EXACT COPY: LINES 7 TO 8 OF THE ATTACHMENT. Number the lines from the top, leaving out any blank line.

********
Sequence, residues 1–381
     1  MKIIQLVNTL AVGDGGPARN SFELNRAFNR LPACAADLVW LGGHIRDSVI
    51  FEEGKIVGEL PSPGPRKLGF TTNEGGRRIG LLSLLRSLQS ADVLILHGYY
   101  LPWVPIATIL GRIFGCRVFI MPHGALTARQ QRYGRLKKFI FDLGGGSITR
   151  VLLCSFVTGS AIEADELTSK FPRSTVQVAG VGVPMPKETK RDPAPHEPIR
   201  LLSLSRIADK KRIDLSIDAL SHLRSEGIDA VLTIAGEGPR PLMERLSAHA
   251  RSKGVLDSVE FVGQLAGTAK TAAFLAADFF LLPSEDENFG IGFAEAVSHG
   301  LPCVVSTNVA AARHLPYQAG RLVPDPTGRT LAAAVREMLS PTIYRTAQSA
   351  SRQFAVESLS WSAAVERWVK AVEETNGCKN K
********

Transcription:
   251  RSKGVLDSVE FVGQLAGTAK TAAFLAADFF LLPSEDENFG IGFAEAVSHG
   301  LPCVVSTNVA AARHLPYQAG RLVPDPTGRT LAAAVREMLS PTIYRTAQSA